- Do we perform periodic inspections of our slings?
- Are the inspections documented?
- Are our users trained to use the equipment properly?
- Do we have documentation of this training taking place?
Other standards in regards to storage, retirement criteria, and usage can all be turned into additional questions that become the basis for your site assessment. When you go through this process of turning the standards requirements into questions, you’re doing the majority of the legwork upfront, and then you can get to the heart of the matter—which is compliance and identifying safe lifting and rigging practices. Once you have all of your questions identified, these can be used in all of your future site assessments as well.
What to Expect from a Third-party Safety and Compliance Assessment
If you truly feel like you don’t have the time or resources to perform an OSHA safety and compliance self-assessment, a good option is to hire a neutral third-party to perform the assessment for you. The assessment itself is rather simple and painless—most consist of a short list of questions concerning the care, use, inspection, training, and documentation of your lifting and rigging equipment and those who use it.
The first thing that a third-party safety and compliance assessor will want to do is to review your documentation, including:
- Training records for those that use and inspect your lifting, rigging, and overhead cranes
- Training materials and frequency of training
- Frequency and thoroughness of your inspection records and any subsequent repairs or actions taken from those inspections.
From there, they will then assess the actual use, care, and storage of your rigging equipment. Although it is not an inspection, assessors will look to make sure that your lifting and rigging equipment is properly tagged, stored, and maintained and then document the general overall condition of the equipment.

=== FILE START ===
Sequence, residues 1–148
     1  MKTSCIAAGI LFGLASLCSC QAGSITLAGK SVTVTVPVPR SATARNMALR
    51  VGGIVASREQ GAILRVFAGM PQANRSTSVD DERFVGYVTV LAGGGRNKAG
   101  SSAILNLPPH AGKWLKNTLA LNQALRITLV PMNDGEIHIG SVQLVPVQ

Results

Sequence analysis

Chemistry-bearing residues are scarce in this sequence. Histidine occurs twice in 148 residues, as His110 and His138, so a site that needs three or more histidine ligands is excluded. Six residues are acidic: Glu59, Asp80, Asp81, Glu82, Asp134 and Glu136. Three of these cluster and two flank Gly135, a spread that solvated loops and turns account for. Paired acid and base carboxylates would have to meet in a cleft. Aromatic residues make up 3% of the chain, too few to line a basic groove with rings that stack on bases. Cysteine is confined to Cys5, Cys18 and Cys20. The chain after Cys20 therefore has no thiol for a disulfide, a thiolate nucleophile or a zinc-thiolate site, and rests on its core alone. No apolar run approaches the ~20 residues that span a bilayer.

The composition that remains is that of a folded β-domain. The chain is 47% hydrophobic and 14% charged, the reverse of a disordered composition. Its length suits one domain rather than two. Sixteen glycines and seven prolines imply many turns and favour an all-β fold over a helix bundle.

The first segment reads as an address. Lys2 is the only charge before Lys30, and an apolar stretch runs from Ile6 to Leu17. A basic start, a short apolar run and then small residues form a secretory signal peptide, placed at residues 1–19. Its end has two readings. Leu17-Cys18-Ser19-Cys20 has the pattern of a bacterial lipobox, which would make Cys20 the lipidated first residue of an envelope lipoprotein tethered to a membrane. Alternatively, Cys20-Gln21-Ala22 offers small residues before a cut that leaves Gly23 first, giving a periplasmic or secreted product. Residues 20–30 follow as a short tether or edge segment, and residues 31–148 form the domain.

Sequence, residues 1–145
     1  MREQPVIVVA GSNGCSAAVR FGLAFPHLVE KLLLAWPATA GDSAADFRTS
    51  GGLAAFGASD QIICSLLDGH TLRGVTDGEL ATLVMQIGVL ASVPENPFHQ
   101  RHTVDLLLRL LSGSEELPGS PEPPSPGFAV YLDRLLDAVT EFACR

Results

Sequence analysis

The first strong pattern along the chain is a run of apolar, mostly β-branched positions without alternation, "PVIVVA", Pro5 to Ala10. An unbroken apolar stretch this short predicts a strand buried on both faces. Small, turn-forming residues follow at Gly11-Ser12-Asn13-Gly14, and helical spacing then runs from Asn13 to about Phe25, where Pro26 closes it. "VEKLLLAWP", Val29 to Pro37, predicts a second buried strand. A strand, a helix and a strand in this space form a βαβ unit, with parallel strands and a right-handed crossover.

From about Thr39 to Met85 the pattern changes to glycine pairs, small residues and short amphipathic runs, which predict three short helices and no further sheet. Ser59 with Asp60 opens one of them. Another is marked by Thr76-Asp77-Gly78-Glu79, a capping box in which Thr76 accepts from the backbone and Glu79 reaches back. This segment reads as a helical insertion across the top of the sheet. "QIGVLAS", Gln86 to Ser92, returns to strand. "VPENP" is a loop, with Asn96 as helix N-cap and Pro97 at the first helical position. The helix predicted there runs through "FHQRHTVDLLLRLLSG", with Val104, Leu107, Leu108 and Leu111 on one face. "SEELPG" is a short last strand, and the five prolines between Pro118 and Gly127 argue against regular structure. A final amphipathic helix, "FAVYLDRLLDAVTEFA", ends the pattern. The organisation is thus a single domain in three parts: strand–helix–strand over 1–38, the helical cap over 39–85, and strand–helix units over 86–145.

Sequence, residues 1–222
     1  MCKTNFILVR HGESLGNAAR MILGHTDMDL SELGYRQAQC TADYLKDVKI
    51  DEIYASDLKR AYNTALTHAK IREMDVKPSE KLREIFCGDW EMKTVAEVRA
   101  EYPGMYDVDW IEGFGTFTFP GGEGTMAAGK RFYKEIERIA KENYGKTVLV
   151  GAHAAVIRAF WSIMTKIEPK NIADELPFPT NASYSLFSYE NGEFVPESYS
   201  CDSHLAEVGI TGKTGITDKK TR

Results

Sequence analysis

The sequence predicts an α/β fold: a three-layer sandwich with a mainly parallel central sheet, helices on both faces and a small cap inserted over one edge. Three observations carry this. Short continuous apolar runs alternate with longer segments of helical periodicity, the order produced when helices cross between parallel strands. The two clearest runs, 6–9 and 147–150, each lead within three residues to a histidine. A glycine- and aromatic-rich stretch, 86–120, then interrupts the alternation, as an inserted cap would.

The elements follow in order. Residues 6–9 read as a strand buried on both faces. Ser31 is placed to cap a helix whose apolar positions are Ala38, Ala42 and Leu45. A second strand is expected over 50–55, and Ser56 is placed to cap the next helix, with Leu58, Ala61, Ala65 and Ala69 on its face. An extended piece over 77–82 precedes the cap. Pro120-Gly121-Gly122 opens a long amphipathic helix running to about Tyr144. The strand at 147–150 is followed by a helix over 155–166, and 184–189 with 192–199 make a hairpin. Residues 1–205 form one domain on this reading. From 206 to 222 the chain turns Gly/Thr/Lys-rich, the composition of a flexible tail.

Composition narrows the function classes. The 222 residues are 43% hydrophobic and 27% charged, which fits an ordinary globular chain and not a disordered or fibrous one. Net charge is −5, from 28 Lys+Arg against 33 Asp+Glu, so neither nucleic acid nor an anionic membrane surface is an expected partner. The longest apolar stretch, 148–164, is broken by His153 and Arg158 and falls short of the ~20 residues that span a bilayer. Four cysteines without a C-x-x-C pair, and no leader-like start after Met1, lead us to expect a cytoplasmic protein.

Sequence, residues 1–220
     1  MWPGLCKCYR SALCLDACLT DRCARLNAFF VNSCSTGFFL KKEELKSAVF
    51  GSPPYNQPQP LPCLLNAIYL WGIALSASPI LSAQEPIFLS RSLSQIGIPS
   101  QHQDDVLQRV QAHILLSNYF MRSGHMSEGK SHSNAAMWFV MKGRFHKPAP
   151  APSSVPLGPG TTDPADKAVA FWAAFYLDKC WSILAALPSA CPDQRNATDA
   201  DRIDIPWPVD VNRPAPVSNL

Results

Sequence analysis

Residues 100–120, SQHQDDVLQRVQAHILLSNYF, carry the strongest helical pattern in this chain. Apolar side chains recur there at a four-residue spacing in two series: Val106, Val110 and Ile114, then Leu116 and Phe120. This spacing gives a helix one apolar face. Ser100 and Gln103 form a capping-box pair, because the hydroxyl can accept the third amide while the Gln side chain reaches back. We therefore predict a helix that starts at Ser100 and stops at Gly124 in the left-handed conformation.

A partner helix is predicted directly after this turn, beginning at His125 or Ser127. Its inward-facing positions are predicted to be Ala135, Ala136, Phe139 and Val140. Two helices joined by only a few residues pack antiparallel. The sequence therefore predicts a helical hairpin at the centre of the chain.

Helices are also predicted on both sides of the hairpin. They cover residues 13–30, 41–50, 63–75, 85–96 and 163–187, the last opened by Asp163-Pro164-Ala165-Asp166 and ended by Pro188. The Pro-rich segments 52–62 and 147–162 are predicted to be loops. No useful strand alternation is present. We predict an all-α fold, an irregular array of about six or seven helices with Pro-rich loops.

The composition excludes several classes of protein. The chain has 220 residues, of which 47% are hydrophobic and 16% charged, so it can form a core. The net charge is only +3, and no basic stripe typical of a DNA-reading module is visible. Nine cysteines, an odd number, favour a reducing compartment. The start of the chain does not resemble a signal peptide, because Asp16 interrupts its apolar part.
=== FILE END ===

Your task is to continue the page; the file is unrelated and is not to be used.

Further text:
During a safety and compliance assessment, a third-party assessor may also perform the following actions:
- Observe the company’s lifting and rigging practices as they happen, and ask to speak with those who perform these practices on the methods that they use to move and lift loads.
- Look for ASME standards compliance and look to identify any opportunities for improvement for lifting and rigging efficiency.
- Make recommendations and identify opportunities for improvement regarding slings, rigging hardware, and below-the-hook devices that may increase efficiency or save money.
- Check to see that the practices of the users operating the cranes and lifting equipment matches the training that was received and documented. Often times, training and actual practices are divergent.
- Identify any critical safety issues observed and notify the customer immediately of its urgency.
- Schedule a follow-up meeting to review findings and opportunities for improvement.
Wrapping it Up
So, to bring everything full circle—Gandhi once said, “The difference between what we do, and what we are capable of, would suffice to solve most problems.” We are all capable of providing a safe lifting and rigging work place, but will we do it? A thorough site assessment of your lifting and rigging equipment, and best practices, is the best place to start.
A site assessment can spark conversations on how to improve the safety and efficiency of your lifting equipment and practices. Often, you and your team or a third-party assessor, will come up with suggestions for improvement based on experience and knowledge learned from other assessments and audits that they have gone through in the past.
At Mazzella, we offer site assessment services where our trained and certified personnel will come on-site and observe your lifting practices, review your documentation and training records, and look at the equipment that you use to make lifts. The assessment that we provide is based on adherence to ASME standards, as well as best practices that we’ve observed in over 60 years of experience in the lifting and rigging industry.
If you’re interested in partnering with us, give us a call to speak with a local Mazzella location and we’ll connect you with the right team to get an in-house site assessment scheduled. Once uncovered, our assessment team can always find ways to address and help solve safety and compliance issues regarding cranes and lifting equipment.
Rigging Inspection Services
OSHA 1910.184, ASME B30.9, B30.20, B30.26, & ANSI Z359 require periodic, documented inspections on slings, rigging hardware, lifting devices, and fall protection every 12 months, at minimum, and monthly to quarterly in more severe service conditions.
Call us at 800.362.4601 or click here if you need inspections for slings, rigging hardware, lifting devices, or fall protection!
Copyright 2017. Mazzella Companies.